Florida’s lien law specifically prohibits a lienor from improperly increasing the amount of its lien beyond the amount owed or including amounts for work not performed. See Section 713.31, Florida Statutes. The lien law even imposes penalties against a lienor for recording such a "fraudulent lien." At the same time, however, the lien law provides that a lien will not be found "fraudulent" if the lienor’s actions in recording it were in good faith. It is important for a lienor to be aware, though, that "good faith" will only go so far in avoiding a finding that its lien is fraudulent.

The lien that a consultant recorded against Mr. and Mrs. Medellin’s home provides an example of how good faith will not always prevent a court from finding a lien is fraudulent. Medellin v. MLA Consulting, Inc., 69 So. 3d 372 (Fla. 5th DCA 2011). While the trial court found that the consultant’s lien was not fraudulent, because the consultant believed in good faith that the amount was due, the appellate court disagreed. The appellate court clarified the good faith exception to be limited to preventing a lien from being deemed fraudulent when the issue is whether the amount included in the lien was due, and there was a good faith dispute over whether it was due. The appellate court found that the Medellins’ consultant’s good faith was irrelevant because the issue was whether the amount included in the consultant’s lien was for work that entitled the consultant to record a lien against the Medellins’ house. Because the work underlying the disputed amount in the consultant’s lien was not lienable, the appellate court found that the consultant’s lien was fraudulent.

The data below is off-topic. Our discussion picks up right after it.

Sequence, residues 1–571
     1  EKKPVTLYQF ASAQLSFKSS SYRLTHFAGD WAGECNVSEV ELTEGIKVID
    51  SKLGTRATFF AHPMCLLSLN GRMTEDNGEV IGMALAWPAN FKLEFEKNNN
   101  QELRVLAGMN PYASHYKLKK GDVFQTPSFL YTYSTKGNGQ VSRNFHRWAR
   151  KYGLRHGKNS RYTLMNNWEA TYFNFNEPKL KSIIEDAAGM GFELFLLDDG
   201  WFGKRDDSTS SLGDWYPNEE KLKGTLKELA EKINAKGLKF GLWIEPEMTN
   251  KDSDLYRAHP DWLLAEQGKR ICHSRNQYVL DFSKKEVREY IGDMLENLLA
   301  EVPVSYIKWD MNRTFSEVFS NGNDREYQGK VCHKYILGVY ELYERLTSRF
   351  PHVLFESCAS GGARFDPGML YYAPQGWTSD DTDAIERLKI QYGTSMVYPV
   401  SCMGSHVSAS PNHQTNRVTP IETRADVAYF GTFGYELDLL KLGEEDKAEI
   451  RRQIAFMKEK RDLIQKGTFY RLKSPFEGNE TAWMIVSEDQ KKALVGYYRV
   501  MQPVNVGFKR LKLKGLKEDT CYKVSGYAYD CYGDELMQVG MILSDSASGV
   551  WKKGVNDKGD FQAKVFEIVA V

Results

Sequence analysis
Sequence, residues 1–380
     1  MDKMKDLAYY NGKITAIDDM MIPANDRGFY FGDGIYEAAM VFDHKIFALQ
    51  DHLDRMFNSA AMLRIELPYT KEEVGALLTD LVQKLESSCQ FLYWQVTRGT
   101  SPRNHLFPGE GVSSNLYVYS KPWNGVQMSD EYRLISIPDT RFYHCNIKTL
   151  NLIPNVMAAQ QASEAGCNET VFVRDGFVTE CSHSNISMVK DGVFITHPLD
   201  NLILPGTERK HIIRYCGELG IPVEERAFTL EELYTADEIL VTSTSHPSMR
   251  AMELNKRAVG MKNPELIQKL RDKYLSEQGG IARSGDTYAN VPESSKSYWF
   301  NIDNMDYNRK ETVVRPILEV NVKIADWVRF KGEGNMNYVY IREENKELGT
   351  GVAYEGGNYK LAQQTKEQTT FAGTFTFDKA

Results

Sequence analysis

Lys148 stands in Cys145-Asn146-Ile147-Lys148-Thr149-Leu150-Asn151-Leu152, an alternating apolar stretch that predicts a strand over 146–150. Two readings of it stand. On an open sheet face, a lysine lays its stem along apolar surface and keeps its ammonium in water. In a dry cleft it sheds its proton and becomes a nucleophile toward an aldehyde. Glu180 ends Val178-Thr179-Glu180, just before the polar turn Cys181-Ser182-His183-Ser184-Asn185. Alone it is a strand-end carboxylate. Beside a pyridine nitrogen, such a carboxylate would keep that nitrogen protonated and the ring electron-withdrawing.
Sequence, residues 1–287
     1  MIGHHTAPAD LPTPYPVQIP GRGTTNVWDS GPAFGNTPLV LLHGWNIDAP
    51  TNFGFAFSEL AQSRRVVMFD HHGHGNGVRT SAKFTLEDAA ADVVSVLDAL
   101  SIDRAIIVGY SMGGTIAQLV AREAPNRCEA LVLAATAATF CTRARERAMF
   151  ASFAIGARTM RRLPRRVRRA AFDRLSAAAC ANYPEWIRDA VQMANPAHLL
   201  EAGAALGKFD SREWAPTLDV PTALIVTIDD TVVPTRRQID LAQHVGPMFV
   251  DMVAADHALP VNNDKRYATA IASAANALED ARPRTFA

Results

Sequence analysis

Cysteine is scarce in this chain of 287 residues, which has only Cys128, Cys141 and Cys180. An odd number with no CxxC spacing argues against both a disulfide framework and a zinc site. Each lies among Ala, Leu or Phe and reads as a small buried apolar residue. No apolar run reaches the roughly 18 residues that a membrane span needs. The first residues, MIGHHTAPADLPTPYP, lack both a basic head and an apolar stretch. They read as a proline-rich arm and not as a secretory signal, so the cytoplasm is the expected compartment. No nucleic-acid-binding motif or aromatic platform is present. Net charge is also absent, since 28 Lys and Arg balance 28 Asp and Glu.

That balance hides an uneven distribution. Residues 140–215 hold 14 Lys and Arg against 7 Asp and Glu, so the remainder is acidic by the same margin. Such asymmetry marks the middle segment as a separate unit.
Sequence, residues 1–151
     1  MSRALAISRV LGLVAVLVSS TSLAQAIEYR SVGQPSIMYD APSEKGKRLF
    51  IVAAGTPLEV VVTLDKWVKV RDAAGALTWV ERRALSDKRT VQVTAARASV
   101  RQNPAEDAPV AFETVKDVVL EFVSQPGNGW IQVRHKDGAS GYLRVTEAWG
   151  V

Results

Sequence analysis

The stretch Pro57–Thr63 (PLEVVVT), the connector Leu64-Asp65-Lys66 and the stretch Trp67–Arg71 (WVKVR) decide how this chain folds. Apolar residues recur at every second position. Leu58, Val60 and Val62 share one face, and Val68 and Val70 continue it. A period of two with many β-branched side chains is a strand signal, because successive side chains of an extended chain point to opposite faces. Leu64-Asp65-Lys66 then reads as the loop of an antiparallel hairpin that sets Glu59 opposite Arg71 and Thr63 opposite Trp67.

With the Medellin court’s holding, it is now even more important that a lienor be sure the amounts it is including in its lien are for work that will properly support a lien.